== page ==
Alternatively, if the control module concludes in step 212 that the command was not sent successfully (i.e., a fault is detected with the server(s)), the method 200 proceeds to step 216, where the control module halts the command. The method 200 then proceeds to step 218, where the control module sends an alert notification to key personnel (e.g., system administrators). The method 200 then returns to step 204, where the control module continues to real-time and historical data regarding usage of servers in the data center.

In further embodiments, the command received in step 208 comprises a user override. In this case, the control module will notify the stakeholders of any affected applications of the override. In a further embodiment still, the control module enables hold and retract capabilities. In this case, the control module will notify the stakeholders of any affected applications if a hold is placed on an activity.

FIG. 3 is a schematic diagram illustrating one embodiment of a user interface display 300, according to the present invention. The display 300 may be displayed, for example, by the user interface 102 illustrated in FIG. 1.

As illustrated, the display 300 displays a variety of textual and graphical information for selected individual, clustered, or grouped servers. In the exemplary embodiment of FIG. 3, the display 300 displays information for an individual server designated as Server A.

As illustrated, the display 300 includes a plurality of menus containing various types of information about the selected server(s). In one embodiment, these menus include: a status menu 302, a location menu 304, a server details menu 306, a CPU utilization menu 308, a server profile menu 310, a disk space menu 312, an alert notification menu 314, a cooling sector menu 316, an incentives menu 318, an energy usage menu 320, and an emergency restoration menu 322.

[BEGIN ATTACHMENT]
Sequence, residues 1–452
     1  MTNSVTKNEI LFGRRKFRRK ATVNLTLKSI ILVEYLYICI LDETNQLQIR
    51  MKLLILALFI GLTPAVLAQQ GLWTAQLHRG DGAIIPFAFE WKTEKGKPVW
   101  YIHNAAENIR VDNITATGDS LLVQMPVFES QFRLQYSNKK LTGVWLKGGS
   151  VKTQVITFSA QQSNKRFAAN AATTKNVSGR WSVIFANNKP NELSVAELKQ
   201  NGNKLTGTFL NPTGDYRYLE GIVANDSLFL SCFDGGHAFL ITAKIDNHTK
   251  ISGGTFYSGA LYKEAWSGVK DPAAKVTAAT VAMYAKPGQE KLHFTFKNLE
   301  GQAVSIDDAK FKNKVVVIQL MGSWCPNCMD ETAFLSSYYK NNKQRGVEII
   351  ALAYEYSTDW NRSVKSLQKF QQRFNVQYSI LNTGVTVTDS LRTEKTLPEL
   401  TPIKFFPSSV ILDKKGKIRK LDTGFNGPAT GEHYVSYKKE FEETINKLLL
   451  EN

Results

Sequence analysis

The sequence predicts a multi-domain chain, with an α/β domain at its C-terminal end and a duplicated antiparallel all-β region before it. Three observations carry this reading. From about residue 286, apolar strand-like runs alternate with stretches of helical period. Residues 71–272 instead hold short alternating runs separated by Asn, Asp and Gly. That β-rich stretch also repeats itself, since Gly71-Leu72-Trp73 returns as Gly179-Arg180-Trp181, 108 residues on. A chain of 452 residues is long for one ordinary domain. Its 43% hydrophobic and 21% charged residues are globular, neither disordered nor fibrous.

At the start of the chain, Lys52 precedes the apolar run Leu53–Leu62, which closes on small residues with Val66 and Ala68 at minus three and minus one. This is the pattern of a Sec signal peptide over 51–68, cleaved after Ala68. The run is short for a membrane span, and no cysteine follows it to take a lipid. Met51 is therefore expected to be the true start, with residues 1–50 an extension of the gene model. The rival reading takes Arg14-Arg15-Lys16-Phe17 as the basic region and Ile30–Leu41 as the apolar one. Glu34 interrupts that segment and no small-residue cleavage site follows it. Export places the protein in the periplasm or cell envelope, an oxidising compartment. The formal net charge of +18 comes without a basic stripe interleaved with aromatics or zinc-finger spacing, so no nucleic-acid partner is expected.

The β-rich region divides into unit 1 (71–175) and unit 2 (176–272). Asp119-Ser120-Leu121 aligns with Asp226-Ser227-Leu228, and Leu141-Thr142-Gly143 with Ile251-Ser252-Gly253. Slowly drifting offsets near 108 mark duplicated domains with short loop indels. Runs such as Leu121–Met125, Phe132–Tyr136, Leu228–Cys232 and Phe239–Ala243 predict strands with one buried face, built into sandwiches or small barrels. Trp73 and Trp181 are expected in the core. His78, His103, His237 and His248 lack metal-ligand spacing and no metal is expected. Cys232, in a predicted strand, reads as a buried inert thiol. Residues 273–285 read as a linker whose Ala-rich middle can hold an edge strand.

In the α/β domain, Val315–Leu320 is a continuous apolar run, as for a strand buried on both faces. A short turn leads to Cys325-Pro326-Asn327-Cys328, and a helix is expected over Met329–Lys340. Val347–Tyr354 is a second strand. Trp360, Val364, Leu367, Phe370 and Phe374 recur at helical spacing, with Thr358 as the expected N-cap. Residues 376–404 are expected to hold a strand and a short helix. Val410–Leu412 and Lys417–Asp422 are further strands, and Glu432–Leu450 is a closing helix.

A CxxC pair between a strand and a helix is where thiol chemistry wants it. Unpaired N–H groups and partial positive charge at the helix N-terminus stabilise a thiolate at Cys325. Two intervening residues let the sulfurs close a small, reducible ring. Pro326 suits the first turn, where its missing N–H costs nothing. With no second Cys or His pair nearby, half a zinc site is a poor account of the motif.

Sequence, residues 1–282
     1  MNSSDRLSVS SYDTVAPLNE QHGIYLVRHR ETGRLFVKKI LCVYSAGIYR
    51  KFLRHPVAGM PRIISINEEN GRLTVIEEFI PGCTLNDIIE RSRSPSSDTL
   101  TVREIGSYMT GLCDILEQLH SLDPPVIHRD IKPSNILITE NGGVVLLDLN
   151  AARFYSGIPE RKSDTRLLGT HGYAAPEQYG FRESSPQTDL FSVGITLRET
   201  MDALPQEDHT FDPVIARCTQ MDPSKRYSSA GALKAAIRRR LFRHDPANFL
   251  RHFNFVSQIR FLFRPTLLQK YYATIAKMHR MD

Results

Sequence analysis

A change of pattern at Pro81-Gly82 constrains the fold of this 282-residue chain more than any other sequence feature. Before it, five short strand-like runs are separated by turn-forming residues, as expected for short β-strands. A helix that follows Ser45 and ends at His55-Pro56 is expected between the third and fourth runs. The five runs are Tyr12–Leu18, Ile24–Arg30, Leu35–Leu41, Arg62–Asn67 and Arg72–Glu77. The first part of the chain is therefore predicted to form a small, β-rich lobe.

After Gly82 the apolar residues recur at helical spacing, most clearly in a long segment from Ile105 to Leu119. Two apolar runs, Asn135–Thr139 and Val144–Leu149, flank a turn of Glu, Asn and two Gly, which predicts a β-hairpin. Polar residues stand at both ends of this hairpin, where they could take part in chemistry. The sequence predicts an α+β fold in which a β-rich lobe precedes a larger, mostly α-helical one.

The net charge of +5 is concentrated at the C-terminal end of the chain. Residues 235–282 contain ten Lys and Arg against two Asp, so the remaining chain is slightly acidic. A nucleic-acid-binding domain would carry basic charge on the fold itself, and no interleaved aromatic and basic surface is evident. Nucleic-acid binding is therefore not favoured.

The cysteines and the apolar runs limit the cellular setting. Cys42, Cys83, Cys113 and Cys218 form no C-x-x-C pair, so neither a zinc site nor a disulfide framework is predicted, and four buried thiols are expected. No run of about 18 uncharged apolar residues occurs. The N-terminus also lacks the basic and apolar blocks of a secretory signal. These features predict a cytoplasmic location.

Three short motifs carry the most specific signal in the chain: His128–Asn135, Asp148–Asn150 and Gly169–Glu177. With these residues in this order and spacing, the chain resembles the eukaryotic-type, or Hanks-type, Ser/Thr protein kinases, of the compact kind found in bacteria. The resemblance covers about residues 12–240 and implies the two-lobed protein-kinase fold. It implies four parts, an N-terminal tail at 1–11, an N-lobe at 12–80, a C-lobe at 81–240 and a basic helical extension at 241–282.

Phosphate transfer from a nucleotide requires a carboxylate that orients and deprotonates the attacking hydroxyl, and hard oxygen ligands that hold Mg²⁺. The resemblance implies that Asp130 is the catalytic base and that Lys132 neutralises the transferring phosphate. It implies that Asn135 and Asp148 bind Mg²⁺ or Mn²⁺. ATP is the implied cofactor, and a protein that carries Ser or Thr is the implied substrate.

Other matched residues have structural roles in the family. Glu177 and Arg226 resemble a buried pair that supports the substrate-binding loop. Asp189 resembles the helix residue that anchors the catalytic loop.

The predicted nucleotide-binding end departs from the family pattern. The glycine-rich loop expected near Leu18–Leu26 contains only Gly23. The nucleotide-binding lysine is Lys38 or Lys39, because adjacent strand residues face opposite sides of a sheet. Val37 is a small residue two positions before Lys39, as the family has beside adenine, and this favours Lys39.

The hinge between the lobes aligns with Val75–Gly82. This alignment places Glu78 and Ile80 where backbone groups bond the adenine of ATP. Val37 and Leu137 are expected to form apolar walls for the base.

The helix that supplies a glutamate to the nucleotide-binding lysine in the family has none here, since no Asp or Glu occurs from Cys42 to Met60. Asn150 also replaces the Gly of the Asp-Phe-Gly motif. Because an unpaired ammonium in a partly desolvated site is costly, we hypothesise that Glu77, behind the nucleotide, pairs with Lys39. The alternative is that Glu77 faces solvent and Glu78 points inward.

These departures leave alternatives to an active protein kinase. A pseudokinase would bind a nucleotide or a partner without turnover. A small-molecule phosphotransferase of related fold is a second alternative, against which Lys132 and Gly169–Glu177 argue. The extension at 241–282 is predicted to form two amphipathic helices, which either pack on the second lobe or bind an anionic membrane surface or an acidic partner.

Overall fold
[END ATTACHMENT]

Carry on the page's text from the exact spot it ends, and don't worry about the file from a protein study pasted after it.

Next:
The status menu 302 provides the status of the selected server (e.g., active, in service, fault, etc.). The location menu 304 provides the location of the selected server (e.g., city, state, room, etc.). The server details menu 306 provides at least one of: the name of an application running on the server, the name of the server, the Internet Protocol (IP) address of the server, the serial number of the server, the server's system administrator, and the server's priority number (e.g., where the lowest priority servers are used for load and soak testing and the highest priority servers are used for disaster recovery and/or hot swap).

The CPU utilization menu 308 provides the percentage of CPU capacity utilized during peak and off peak hours, both currently and historically. In one embodiment, the information displayed by the CPU utilization menu 308 includes graphical analysis. The server profile menu 310 provides server specifications and characteristics (e.g., temperature information), as well as data on application-specific usage of the server.

The disk space menu 312 provides the percentage of disk space that is currently in use and the percentage of disk space that is currently available. In one embodiment, the information displayed by the disk space menu 312 includes graphical analysis. The alert notification menu 314 provides a list of alert notifications that have been sent to impacted application group stakeholders. In one embodiment, the list includes, for each alert notification: the subject fault, the name of the individual(s) to whom the alert notification was sent, and contact information for the individual(s) to whom the alert notification was sent.

The cooling sector menu 316 provides cooling sector information (e.g., for stacking). In one embodiment, this information includes server specifications (e.g., temperature), CPU utilization related to application usage, and other cooling related information for grouping (e.g., location, area, power access data, etc.). This information enables a user to determine cooling needs by geographic location (e.g., including specific room area), to determine an optimal arrangement for moving servers to groups (e.g., for separation and isolation determined by type and time of usage).